Openness predicts cognitive functioning in bipolar disorder

Deborah Stringer, David Marshall, Bethany Pester, Amanda Baker, Scott A. Langenecker, Kaley Angers, Nicole Frazier, Christopher Archer, Masoud Kamali, Melvin McInnis, Kelly A. Ryan

Research output: Contribution to journalArticle

Abstract

Objectives Openness to experience (O) is a well-established personality factor and is associated with cognitive performance. Little is known about the personality-cognitive relationship in bipolar disorder, an illness with significant variability in mood. Cognitive evaluation is essential in psychopathology assessment as it may reflect underlying disease processes and psychosocial functional capacity. Screening using a proxy personality variable may identify those in need of comprehensive cognitive testing. We hypothesized that O and measures of cognition would associate in both the Bipolar Disorder (BD) and healthy control (HC) samples, whereas neuroticism and extraversion would correlate with cognition only in the BD sample. Methods Data from a longitudinal study of BD were used to study the association between personality factors and cognitive measures of attention, executive functioning, memory and fine motor skills. Regression analyses were used to determine the variables that account for the association between personality and cognition. Results Aspects of O explained significant cognitive variance (~5%) in both groups; this persisted when demographic variables (including BD versus HC status) were considered. Neuroticism and extraversion did not consistently correlate with cognitive performance in either group. Limitations There were more females in the HC group who were slightly younger compared to the BD group. We lack direct measures of positive affect, and there is a reliance on a single measure of personality. Conclusions BD Individuals scoring low on self-reported Openness are potential candidates for more comprehensive cognitive assessments (which represent a limited resource).

Original languageEnglish (US)
Pages (from-to)51-57
Number of pages7
JournalJournal of Affective Disorders
Volume168
DOIs
StatePublished - Oct 15 2014
Externally publishedYes

Fingerprint

Bipolar Disorder
Personality
Cognition
Motor Skills
Proxy
Psychopathology
Longitudinal Studies
Regression Analysis
Demography
Control Groups

Keywords

  • Bipolar disorder
  • Cognitive functioning
  • Neuropsychology
  • Openness to experience
  • Personality

ASJC Scopus subject areas

  • Psychiatry and Mental health
  • Clinical Psychology
  • Medicine(all)

Cite this

Stringer, D., Marshall, D., Pester, B., Baker, A., Langenecker, S. A., Angers, K., ... Ryan, K. A. (2014). Openness predicts cognitive functioning in bipolar disorder. Journal of Affective Disorders, 168, 51-57. https://doi.org/10.1016/j.jad.2014.06.038

Openness predicts cognitive functioning in bipolar disorder. / Stringer, Deborah; Marshall, David; Pester, Bethany; Baker, Amanda; Langenecker, Scott A.; Angers, Kaley; Frazier, Nicole; Archer, Christopher; Kamali, Masoud; McInnis, Melvin; Ryan, Kelly A.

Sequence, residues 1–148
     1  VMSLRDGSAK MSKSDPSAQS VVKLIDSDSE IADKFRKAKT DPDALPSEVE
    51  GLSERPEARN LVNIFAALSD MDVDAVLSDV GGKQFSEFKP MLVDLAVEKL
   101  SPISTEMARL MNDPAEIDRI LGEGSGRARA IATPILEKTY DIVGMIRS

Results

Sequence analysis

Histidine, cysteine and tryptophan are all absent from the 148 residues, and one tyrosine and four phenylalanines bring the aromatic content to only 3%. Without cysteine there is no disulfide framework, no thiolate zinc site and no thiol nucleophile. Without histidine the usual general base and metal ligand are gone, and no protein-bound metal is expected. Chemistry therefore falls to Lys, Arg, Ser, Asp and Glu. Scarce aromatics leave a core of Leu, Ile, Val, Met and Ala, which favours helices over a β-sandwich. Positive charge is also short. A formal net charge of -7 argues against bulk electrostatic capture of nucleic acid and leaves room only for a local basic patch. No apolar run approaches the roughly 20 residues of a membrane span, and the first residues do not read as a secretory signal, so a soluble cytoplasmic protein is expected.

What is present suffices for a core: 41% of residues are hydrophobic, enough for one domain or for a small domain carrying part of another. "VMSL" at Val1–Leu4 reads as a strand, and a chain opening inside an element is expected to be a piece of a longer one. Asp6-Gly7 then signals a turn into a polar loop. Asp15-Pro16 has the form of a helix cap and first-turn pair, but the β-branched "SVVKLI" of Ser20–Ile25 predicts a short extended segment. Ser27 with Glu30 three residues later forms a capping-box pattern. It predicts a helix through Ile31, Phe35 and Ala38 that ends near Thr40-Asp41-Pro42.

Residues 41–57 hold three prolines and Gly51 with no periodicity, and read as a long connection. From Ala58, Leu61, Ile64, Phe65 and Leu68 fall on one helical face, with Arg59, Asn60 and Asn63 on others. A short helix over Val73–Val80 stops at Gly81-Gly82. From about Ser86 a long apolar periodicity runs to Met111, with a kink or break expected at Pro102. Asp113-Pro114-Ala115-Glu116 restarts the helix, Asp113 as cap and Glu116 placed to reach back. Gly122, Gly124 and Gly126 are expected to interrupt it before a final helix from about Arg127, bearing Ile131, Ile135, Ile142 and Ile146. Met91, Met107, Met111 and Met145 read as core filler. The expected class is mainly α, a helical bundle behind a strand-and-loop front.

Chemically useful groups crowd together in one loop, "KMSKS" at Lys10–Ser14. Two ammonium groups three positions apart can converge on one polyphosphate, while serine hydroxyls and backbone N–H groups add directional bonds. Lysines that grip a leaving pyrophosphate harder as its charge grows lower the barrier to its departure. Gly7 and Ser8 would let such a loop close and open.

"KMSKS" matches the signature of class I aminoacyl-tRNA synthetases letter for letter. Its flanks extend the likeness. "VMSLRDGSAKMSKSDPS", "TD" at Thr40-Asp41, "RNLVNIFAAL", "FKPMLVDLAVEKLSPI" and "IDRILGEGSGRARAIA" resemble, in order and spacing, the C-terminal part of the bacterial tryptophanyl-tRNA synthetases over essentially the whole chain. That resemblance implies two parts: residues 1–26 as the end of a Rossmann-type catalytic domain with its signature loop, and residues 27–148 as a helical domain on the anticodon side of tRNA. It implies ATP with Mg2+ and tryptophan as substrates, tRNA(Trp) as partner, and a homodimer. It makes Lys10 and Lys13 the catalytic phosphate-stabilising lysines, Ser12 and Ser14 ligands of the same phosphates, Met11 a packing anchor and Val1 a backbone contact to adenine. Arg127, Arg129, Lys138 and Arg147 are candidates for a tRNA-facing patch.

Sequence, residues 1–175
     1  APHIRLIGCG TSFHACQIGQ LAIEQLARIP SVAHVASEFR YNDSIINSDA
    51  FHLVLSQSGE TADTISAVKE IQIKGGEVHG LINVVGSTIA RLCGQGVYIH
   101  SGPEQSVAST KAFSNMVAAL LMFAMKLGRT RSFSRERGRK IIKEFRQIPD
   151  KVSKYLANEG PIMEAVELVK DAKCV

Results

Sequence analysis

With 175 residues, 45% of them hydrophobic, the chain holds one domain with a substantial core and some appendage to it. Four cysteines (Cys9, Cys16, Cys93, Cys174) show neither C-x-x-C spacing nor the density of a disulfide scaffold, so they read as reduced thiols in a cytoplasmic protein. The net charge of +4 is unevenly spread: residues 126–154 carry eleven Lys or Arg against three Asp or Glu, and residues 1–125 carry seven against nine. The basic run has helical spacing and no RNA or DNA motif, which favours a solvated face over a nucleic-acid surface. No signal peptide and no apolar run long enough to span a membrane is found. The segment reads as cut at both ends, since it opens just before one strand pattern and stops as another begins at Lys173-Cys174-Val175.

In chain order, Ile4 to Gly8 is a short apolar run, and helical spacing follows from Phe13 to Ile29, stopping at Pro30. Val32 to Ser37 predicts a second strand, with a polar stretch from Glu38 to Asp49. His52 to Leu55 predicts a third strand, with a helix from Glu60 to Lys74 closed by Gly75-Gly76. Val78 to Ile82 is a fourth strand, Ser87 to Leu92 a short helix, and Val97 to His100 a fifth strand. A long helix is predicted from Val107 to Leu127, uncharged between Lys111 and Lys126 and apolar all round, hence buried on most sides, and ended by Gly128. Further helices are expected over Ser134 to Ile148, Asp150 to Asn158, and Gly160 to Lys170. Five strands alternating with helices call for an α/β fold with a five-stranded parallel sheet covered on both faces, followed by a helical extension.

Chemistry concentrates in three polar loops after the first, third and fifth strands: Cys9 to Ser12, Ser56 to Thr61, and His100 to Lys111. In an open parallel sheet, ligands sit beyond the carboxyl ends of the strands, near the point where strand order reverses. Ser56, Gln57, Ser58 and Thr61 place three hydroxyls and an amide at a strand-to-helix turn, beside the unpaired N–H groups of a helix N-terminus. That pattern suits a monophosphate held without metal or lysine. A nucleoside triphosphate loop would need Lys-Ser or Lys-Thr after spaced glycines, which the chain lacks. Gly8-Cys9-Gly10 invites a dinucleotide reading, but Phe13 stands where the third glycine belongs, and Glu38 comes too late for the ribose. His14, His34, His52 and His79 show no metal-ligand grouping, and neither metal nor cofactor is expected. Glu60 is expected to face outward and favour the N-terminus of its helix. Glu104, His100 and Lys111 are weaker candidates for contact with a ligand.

In: Journal of Affective Disorders, Vol. 168, 15.10.2014, p. 51-57.

Research output: Contribution to journalArticle

Stringer, D, Marshall, D, Pester, B, Baker, A, Langenecker, SA, Angers, K, Frazier, N, Archer, C, Kamali, M, McInnis, M & Ryan, KA 2014, 'Openness predicts cognitive functioning in bipolar disorder', Journal of Affective Disorders, vol. 168, pp. 51-57. https://doi.org/10.1016/j.jad.2014.06.038
Stringer D, Marshall D, Pester B, Baker A, Langenecker SA, Angers K et al. Openness predicts cognitive functioning in bipolar disorder. Journal of Affective Disorders. 2014 Oct 15;168:51-57. https://doi.org/10.1016/j.jad.2014.06.038
Stringer, Deborah ; Marshall, David ; Pester, Bethany ; Baker, Amanda ; Langenecker, Scott A. ; Angers, Kaley ; Frazier, Nicole ; Archer, Christopher ; Kamali, Masoud ; McInnis, Melvin ; Ryan, Kelly A. / Openness predicts cognitive functioning in bipolar disorder. In: Journal of Affective Disorders. 2014 ; Vol. 168. pp. 51-57.
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AB - Objectives Openness to experience (O) is a well-established personality factor and is associated with cognitive performance. Little is known about the personality-cognitive relationship in bipolar disorder, an illness with significant variability in mood. Cognitive evaluation is essential in psychopathology assessment as it may reflect underlying disease processes and psychosocial functional capacity. Screening using a proxy personality variable may identify those in need of comprehensive cognitive testing. We hypothesized that O and measures of cognition would associate in both the Bipolar Disorder (BD) and healthy control (HC) samples, whereas neuroticism and extraversion would correlate with cognition only in the BD sample. Methods Data from a longitudinal study of BD were used to study the association between personality factors and cognitive measures of attention, executive functioning, memory and fine motor skills. Regression analyses were used to determine the variables that account for the association between personality and cognition. Results Aspects of O explained significant cognitive variance (~5%) in both groups; this persisted when demographic variables (including BD versus HC status) were considered. Neuroticism and extraversion did not consistently correlate with cognitive performance in either group. Limitations There were more females in the HC group who were slightly younger compared to the BD group. We lack direct measures of positive affect, and there is a reliance on a single measure of personality. Conclusions BD Individuals scoring low on self-reported Openness are potential candidates for more comprehensive cognitive assessments (which represent a limited resource).

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